To Bouzies - Three Seasons Around France: Autumn - CycleBlaze

October 10, 2022

To Bouzies

Not long after breakfast I packed up my half of our modest load and headed downstairs about a half hour earlier than our planned departure time, intent on matching my impressive mechanical skills against our two bike issues.  I did well enough to earn a passing grade, but barely.  First, I fairly quickly succeeded in adjusting my front brake.  It just needed tightening, and after testing it out with several runs up and down the street it seems perfectly fine.  So that’s good of course.

Next, Rachael’s rear derailleur.  I quickly verified that she’s been describing the symptoms reasonably accurately, in that her derailleur will upshift into exactly the lowest four of the eleven sprockets in the cluster.  She’s wrong though in saying that the front shifter will not shift onto the largest chain ring.  It will, but not easily.  It takes a lot of pressure, and more than her hand and wrist can muster.

I pulled up and studied a video on adjusting her Shimano 105 and concluded (correctly, would later be confirmed) that the problem was not in its adjustment or range of motion.  It appears to be a cable problem, and when tension is released the chain will not drop through the gears.  Maybe it’s gotten corroded inside, so the plan is to get a penetrating lubricant and see if lubricating the cable will loosen it up.  If that fails, the fallback plan is to bike in to Cahors on one of our layover days and stop in at the bike shop there.  If that doesn’t pan out we’ve got a problem on our hands because there’s not another one on our itinerary for the next two weeks.  

On the road, I spot an Intermarche as we’re leaving town, stop in, and a few minutes later re-emerge with a small can of 3-in-1 oil in my triumphantly upheld hand.  I’ll try lubing the cable this evening when we reach Bouzies, but in the meantime Rachael will get by in the gears she has.

A few miles later Susan calls out from the rear that we’ve just passed an open bike store, well out of town.  I shrug it off at first - we’ve already got a plan, is my first thought; but maybe fifty yards later it sinks in how nutso that is.  We need a bike shop, one is unexpectedly at hand, so of course we should stop.  I holler ahead to Rachael and we all turn back, hoping for the best.

We get the best.  It’s an excellent bike shop.  It’s still early Monday morning but the mechanic is on duty, working on a bike on his stand.  I do my best to communicate the issue and he immediately takes the bike he’s working on off the rack and throws Rachael’s up and starts spinning through the gears.  The diagnosis comes quickly - broken cable.  Twenty minutes later we’re on the road again, Rachael beaming with happiness.  

What luck!  It’s a mystery why we couldn’t find this shop when we searched for one - maybe because it’s four miles out of town - but everything about it is fortuitous.  It was coincidentally right on our route, it’s open, they’ve got the time and the skills, and we had sharp-eyed Susan with us to notice it.  Without her along we’d have just biked on by and never been the wiser.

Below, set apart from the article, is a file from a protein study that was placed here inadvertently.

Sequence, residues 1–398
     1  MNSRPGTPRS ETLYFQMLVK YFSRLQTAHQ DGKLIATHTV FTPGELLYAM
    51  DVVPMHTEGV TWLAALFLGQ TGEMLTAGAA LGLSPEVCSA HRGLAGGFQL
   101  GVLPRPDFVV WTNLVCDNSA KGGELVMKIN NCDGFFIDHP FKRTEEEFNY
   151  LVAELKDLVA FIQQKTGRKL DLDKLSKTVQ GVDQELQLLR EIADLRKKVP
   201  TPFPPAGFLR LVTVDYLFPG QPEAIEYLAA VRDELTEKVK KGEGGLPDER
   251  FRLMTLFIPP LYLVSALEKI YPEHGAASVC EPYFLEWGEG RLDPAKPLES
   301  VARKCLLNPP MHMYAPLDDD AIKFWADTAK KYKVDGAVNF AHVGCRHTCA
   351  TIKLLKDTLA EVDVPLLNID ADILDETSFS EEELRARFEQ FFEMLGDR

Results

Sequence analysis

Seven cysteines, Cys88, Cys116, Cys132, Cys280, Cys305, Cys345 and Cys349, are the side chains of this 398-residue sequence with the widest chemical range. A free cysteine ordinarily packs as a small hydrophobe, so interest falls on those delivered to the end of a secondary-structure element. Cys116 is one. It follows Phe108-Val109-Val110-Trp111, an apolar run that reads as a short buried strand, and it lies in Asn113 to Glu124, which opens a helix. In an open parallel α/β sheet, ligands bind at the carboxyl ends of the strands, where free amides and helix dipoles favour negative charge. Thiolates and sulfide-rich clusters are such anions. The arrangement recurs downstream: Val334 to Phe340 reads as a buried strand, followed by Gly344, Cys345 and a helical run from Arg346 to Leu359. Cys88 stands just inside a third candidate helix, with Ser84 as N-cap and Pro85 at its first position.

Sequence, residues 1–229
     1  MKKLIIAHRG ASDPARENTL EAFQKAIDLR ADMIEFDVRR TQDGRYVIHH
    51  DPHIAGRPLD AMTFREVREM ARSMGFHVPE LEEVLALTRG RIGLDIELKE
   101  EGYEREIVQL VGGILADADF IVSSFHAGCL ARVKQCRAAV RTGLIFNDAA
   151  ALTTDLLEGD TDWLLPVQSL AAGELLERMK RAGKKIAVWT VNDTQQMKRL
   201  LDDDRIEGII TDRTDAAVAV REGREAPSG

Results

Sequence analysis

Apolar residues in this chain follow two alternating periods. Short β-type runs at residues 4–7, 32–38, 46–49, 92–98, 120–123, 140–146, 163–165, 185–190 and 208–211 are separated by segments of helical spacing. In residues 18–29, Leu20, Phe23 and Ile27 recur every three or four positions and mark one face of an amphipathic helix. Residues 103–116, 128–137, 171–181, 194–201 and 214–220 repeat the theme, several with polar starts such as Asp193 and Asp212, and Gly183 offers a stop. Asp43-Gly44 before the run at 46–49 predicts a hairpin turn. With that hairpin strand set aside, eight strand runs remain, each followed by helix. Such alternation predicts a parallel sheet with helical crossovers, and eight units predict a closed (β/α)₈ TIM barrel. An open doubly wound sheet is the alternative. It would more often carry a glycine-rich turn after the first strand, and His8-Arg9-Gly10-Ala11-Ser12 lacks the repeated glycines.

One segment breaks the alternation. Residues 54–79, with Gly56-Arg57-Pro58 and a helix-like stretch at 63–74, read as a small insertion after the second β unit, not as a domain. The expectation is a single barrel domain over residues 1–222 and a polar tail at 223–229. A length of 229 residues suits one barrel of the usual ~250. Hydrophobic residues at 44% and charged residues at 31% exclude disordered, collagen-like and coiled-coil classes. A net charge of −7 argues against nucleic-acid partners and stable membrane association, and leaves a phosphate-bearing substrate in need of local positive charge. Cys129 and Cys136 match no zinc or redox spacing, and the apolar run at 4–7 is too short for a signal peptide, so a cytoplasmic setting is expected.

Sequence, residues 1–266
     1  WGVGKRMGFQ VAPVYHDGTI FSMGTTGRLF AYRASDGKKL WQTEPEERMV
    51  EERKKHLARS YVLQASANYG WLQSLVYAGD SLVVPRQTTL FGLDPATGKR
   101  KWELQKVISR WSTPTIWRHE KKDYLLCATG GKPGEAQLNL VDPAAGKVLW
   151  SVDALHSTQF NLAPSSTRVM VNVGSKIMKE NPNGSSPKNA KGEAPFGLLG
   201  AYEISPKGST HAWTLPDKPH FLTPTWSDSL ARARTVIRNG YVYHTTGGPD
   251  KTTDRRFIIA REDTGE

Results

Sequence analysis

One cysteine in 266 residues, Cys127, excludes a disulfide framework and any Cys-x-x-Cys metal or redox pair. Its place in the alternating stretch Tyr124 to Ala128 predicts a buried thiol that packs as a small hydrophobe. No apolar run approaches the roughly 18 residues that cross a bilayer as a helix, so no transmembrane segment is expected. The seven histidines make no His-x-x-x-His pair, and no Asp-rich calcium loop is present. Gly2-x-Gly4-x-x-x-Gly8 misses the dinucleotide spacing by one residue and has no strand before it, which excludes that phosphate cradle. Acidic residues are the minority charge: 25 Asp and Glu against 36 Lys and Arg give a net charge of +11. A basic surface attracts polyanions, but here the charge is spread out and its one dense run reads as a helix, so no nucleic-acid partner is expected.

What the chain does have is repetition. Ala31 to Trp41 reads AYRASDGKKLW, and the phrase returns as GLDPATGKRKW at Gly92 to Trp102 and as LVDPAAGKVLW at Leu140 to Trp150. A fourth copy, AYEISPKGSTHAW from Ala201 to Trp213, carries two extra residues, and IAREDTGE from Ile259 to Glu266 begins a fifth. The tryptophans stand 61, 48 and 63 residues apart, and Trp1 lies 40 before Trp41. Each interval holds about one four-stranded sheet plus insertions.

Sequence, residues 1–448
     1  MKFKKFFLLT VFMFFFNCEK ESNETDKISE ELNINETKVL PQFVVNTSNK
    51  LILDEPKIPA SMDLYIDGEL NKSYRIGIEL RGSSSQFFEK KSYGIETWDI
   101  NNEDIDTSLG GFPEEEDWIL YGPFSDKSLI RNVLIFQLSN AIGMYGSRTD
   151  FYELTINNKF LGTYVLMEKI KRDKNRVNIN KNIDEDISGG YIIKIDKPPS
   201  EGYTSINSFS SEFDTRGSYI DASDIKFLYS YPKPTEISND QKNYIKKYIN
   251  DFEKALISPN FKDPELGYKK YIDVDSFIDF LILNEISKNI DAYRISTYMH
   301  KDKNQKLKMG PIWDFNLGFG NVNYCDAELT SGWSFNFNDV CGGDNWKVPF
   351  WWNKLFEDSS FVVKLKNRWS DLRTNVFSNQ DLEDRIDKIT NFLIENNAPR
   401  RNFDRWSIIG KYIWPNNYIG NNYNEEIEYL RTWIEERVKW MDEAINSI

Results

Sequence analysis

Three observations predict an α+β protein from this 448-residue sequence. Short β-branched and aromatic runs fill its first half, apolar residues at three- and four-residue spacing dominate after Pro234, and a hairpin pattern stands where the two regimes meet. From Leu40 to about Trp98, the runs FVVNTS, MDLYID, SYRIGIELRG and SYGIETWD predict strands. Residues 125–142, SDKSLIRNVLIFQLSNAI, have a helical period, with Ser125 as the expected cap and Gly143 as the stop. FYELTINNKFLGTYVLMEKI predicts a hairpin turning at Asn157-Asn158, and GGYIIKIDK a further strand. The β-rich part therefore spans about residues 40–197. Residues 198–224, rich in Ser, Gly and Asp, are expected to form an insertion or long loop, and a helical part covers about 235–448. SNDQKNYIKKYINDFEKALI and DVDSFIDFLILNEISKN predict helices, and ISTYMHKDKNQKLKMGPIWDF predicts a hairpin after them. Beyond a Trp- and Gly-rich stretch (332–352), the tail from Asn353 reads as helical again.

Heart 7 Comment 1
Bill ShaneyfeltI was going to say change the cable! My Shimano brifters had a similar problem and I kept messing with them, lube, adjust, etc. till it broke. Then tiny pieces of cable wire had lodged somewhere inside the brifter and prevented proper shifting. No amount of effort could fix it. I googled and read everything I could and they all said not fixable. I said to myself, I'm going to fix it... So I spent about 6 months messing with it between studying it before I concluded I'd just need to bite the bullet and buy a new brifter for something over $120. If I ever encounter that symptom again, cable gets changed!
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1 month ago

Today’s ride to Bouzies was one of the easiest of the tour, and also one of the best.  Those two facts are only loosely related.  The ride would have been brilliant even if there’d been some climbing involved, but it did contribute to our enjoyment that it was an easy downriver glide along the Célé the whole way.  We barely broke 200’ of elevation gain in over 35 miles, with nothing along the way that qualified as even a modest climb.  So it definitely was a plus that we had an easy ride; and that the weather was gorgeous; and that we pretty much had this quiet river road to ourselves the whole way; and especially that Rachael had all her gears back at her command again.

The main thing though was the spectacular beauty of the land we were cycling through.  For mile after mile we passed beneath stunning limestone cliffs that just seemed to grow more dramatic the further we went.  Unbelievable.  Wow.

Along the Célé - a brilliant ride that began beautifully and grew more so with every mile.
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No, I don’t remember just why Rachael’s biking back our way. Maybe she wants to let us know that there are views ahead; or she wants some head-on video of Susan and me; or maybe she’s trying to pad her mileage; or maybe she’s gotten lost again. All are possible.
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Did someone say Wow?
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Passing through Corn, a pretty if strangely named village that disappoints us by not having an open bakery.